Mostly because I think it’s a good machine, but partly because I like my X41 so much and want an X60 and partly for the oh-so-slim chance that someone at Lenovo might decide to send me a free one (like that’d ever happen), here’s some recent stuff on the X60.
First, an observation: if you need an example of an ironclad bond between a user and their machine, look closely at tablet computer users. In my case, along with true persistent wireless connectivity it’s literally changed how I view personal computing. My tablet, a Lenovo X60 convertible notebook, is the first thing I pack when I leave my house. Leave my shaving gear at home? It happens. Forget to pack enough undershirts? JC Penney’s is a nationwide chain, so that’s not a problem either. Leave my power supply in my car? Well, I regularly get six hours of battery life out of my beloved X60, so I’ll get by until a kinsmen can overnight the power supply to me.
Filled with exciting new features that include a touch screen, that can be viewed indoors or out and built in EDVO, The new Lenovo X60 has convinced this die hard slate style Tablet PC user that it was time to switch to a convertible. (Which for the record was no easy task) Before my first week with a pre production X60 Tablet PC was over, I knew that if the production unit of the X60 was everything the pre production unit was, there was going to be a new Editors Choice Tablet PC at TabletPc2.com.
I’ve had the Lenovo X60 Tablet PC for about a week now and the system is configured for my trip to Seattle for the Microsoft Global MVP Summit next week (after a quick weekend in Phoenix to see some spring training baseball and an Eric Clapton show). I’m happy to report that my first impressions are almost universally positive.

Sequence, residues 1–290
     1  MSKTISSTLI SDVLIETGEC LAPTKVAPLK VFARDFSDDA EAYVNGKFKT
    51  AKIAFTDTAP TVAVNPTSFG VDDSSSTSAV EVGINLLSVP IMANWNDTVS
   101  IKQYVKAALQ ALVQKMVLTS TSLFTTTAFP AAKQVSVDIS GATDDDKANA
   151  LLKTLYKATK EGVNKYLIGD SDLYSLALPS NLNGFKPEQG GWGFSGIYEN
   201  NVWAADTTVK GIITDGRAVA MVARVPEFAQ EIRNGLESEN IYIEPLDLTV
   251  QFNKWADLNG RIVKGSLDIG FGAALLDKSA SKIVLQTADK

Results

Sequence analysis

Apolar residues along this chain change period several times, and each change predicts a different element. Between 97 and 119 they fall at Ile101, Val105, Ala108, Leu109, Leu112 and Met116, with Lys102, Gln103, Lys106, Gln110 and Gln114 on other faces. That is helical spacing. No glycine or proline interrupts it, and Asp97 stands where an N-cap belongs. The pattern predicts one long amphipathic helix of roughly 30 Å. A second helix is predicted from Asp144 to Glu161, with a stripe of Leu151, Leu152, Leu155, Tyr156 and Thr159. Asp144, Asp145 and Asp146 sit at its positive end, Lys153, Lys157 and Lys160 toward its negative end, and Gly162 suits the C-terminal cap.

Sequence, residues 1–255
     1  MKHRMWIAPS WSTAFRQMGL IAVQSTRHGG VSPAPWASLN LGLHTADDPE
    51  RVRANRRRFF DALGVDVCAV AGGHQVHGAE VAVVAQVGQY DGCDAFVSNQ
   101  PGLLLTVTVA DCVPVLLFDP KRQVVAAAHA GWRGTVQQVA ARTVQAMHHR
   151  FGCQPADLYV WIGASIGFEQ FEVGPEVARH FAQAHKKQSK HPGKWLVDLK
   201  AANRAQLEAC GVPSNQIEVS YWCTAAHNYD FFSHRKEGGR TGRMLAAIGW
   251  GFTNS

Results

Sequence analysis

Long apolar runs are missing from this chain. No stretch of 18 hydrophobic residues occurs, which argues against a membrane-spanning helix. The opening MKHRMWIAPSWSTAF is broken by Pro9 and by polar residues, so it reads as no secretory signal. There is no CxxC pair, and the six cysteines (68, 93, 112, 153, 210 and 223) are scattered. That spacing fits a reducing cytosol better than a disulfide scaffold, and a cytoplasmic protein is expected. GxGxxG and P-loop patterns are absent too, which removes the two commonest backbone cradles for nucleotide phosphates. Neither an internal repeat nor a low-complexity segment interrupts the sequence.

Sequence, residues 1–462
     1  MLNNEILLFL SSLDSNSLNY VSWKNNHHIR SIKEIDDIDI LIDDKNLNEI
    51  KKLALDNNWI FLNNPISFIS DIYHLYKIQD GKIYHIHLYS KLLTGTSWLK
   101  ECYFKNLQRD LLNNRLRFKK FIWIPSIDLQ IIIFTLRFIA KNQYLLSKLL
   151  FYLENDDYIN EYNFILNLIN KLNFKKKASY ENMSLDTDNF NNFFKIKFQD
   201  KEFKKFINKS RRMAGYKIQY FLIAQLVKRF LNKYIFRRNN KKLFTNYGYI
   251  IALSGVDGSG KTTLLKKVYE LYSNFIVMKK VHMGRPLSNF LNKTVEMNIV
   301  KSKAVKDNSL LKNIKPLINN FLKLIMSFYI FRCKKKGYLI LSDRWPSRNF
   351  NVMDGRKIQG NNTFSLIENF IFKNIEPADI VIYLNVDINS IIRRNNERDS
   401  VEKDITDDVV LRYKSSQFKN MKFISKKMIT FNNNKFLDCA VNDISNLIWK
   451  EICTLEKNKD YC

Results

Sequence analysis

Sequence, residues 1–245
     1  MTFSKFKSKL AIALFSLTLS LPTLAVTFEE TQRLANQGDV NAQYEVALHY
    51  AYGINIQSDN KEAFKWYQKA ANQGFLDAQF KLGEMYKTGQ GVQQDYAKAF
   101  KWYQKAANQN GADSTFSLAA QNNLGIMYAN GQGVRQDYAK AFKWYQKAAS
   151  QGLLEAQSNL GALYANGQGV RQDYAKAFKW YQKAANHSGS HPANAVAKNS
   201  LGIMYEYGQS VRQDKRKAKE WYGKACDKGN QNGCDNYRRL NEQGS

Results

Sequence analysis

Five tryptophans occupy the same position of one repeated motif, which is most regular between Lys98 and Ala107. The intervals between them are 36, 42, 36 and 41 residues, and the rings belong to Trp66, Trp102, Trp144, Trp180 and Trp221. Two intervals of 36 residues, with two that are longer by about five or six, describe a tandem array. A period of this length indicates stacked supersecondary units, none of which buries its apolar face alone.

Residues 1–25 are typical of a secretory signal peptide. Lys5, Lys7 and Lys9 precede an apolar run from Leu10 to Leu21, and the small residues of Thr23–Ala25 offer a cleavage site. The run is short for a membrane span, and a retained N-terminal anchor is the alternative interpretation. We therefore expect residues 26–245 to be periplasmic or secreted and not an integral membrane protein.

Even though Lenovo’s latest feels like it packs a lot of yesterday’s tech, it’s still a capable machine, at least for business users. The ThinkPad X60 doesn’t truck with such trappings as a touchpad or a widescreen LCD. This is strictly old-school: Its charms displayed on a 12.1-inch TFT and powered by a 1.83GHz Core Duo (and our test unit even ran XP instead of Vista). A few newish frills await the patient: Integrated WAN from Verizon, a touchscreen that works with pen or fingertip, and a surprisingly low 4.6-pound weight. With a battery life of more than four hours (thanks to a giant Frankenbattery), it easily trumps most notebooks in longevity.
The good: Lightweight, portable design; comfortable stylus and keyboard; screen automatically rotates when you adjust tablet position; touch screen is usable in direct sunlight.The bad: Expensive; lacks S-Video port; price does not include an optical drive.
The bottom line: The Lenovo ThinkPad X60 Tablet strikes the best compromise between a ultraportable tablet and a full-featured laptop.
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